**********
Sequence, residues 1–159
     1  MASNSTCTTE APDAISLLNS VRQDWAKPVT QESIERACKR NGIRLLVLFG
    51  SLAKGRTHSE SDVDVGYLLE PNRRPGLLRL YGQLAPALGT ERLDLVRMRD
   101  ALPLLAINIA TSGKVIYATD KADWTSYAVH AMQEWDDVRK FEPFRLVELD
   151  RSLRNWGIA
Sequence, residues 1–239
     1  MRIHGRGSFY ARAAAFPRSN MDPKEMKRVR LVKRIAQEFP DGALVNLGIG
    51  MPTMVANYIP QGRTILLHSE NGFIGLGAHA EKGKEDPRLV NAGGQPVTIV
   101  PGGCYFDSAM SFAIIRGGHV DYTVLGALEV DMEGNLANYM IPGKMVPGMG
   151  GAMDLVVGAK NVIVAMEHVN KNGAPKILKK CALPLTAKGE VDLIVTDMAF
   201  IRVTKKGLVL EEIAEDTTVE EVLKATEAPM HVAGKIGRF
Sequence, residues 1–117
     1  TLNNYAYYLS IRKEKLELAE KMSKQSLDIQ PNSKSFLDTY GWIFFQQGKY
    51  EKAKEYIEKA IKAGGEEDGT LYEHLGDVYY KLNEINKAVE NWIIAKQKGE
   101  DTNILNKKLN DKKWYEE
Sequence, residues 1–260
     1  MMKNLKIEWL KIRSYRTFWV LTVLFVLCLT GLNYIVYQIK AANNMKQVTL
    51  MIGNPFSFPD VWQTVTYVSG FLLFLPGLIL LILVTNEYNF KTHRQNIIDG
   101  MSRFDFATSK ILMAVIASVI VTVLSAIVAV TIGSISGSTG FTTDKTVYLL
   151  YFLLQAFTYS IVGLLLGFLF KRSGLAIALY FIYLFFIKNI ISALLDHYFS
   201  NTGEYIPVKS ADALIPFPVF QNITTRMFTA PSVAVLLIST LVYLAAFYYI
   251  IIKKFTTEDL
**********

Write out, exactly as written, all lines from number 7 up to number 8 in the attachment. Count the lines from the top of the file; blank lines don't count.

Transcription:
     1  MRIHGRGSFY ARAAAFPRSN MDPKEMKRVR LVKRIAQEFP DGALVNLGIG
    51  MPTMVANYIP QGRTILLHSE NGFIGLGAHA EKGKEDPRLV NAGGQPVTIV